We have an inherent need to feel connected. It’s why cell phone usage has gone off the charts over the last few years; it’s why Facebook has blown up beyond Mark Zuckerberg’s wildest dreams. As humans we need to feel relevant, we need attention, we need affirmation. And then when we get it, we crave more.
It’s true: when we are connected to one another, we feel a sense of satisfaction and validation. But this desire for connectivity is also a Catch-22. The need to feel constantly accessible and simultaneously connected to others has somewhat backfired…couples go out to dinner and keep their phones on the table next to their plates like another piece of flatware. Moms walk their babies in strollers through the park, gabbing away on the phone instead of enjoying being right there, in that moment. Through this connectivity epidemic, we’re missing the point. The irony in always being “reachable” through our mobile devices is that it creates an unhealthy codependence- our eyes are glued on our phones waiting for the validation that comes from that next text or Facebook comment, and we miss what’s right in front of us….the beauty in connecting organically to other people we’re sharing the experience of life with – people we can connect to in person through our shared passions, fears, pain, joy, circumstances.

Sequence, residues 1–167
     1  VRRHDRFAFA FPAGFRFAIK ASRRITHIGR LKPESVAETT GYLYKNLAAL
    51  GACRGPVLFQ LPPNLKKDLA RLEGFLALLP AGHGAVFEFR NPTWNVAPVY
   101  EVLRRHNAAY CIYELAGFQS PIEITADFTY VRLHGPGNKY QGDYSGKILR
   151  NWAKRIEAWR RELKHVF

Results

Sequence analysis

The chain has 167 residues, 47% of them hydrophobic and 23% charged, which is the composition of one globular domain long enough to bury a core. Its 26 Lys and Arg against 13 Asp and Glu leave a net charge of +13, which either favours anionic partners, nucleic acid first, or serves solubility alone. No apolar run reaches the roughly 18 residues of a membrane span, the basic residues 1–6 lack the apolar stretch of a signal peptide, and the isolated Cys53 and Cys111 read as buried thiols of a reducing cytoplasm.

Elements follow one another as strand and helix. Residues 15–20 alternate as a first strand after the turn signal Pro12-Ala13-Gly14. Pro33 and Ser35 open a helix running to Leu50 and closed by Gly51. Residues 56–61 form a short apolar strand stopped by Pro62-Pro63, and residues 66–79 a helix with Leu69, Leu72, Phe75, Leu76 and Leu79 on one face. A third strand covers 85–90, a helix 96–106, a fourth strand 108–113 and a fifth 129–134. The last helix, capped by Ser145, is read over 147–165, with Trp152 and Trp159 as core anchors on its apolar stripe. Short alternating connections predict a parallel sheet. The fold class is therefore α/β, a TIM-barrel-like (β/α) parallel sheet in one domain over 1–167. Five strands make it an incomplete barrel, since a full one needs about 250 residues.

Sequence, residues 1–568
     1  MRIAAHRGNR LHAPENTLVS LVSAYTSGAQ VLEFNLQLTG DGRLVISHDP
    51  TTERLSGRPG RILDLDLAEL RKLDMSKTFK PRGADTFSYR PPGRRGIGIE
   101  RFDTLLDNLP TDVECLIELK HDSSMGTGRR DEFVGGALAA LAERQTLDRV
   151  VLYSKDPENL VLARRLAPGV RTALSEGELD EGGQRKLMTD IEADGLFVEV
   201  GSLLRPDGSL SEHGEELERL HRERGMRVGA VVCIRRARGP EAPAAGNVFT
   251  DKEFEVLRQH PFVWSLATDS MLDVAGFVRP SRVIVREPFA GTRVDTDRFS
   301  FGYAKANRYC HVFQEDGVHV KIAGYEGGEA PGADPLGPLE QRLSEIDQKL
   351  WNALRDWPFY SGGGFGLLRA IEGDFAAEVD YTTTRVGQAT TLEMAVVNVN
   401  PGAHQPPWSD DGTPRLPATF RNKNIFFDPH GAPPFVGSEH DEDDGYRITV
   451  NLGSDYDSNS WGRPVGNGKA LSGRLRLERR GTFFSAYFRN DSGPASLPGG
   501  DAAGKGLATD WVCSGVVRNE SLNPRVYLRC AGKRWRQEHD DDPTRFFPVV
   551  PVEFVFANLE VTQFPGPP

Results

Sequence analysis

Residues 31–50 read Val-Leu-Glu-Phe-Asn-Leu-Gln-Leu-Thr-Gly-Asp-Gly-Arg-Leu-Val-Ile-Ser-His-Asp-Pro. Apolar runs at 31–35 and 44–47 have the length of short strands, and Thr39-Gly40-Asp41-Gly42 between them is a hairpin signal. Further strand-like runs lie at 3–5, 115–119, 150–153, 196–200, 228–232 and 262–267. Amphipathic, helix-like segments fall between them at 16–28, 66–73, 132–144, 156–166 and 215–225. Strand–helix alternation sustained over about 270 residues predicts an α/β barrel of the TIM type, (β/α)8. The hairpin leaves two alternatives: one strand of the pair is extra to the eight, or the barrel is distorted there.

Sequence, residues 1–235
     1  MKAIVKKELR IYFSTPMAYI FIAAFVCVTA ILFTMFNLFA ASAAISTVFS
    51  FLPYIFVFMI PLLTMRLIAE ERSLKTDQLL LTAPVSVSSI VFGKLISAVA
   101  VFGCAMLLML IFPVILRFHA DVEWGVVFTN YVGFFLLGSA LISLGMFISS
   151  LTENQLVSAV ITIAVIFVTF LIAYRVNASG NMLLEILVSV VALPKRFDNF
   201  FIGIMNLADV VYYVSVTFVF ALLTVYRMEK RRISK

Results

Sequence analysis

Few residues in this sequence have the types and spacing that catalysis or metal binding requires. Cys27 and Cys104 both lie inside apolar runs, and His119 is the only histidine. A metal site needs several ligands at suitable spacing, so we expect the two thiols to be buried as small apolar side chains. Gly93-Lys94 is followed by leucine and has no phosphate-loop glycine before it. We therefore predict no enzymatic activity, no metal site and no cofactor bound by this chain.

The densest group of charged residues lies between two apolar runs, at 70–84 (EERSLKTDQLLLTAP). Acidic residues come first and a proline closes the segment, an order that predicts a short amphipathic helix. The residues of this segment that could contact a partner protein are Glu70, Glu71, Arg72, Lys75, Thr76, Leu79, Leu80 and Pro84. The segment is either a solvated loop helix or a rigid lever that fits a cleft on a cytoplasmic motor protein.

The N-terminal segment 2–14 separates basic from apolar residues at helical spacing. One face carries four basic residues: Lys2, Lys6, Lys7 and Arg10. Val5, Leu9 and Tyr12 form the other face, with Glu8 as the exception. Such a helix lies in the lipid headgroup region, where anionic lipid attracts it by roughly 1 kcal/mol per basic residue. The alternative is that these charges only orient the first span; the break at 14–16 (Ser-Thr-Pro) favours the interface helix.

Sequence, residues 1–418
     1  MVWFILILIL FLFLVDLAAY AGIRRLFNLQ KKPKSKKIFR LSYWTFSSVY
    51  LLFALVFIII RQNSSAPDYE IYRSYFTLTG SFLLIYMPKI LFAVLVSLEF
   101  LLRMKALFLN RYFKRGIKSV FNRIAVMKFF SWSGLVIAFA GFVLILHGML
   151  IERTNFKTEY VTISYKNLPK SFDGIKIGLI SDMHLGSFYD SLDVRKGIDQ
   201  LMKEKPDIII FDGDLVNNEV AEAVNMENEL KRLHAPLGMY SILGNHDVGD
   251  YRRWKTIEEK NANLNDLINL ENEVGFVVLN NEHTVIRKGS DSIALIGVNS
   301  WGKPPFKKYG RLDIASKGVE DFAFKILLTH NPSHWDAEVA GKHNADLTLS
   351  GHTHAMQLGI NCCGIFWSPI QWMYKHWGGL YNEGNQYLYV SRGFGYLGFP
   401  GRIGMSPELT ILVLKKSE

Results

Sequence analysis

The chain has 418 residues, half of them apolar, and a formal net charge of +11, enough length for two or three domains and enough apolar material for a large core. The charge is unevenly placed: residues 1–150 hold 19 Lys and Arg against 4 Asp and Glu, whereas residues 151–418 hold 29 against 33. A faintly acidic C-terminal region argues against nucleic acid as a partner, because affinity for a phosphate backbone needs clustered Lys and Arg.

We have another need that maybe isn’t as obvious – the need to be fully present. Being present leads to increased joy in everything we experience. It creates a heightened sense of awareness and fulfillment. Our experiences get better by leaps and bounds when we actually pay attention to our surroundings: the sights, the smells, the sounds, the people we’re with. The time passes more slowly as we relax into each experience, as we realize we’re enjoying being exactly there, right then.
I experienced something this weekend that jogged my awareness of the need people have to connect to one another. I went to Cincinnati to get my Mini worked on by a guy who was in town from Detroit for a short couple of days. While I was there, not only did I laugh more than I have in months, and feel myself noticeably relax in the company of some pretty amazing people, but I also met a bunch of fellow Mini drivers, who were as passionate about their cars as they were welcoming and friendly. And throughout the weekend at my “Mini retreat” I realized how connected these people were by a common passion- their love for their tiny, fast, tricked-out Minis. There was a sense of community and friendship…and I didn’t see anyone get out their cell phones…and I like to think it’s because they were so content just being present in that experience, sharing a common passion- strengthening a common bond.
Ask yourself what you’re passionate about… Seek out ways to connect with others through those passions; find common ground to share organically not digitally. Entertain the idea that the real beauty in life is discovered through shared experiences. And it’s only when we are fully present in those experiences that we are able to disconnect from the gadgets we rely on so much- and reconnect with the physical world around us.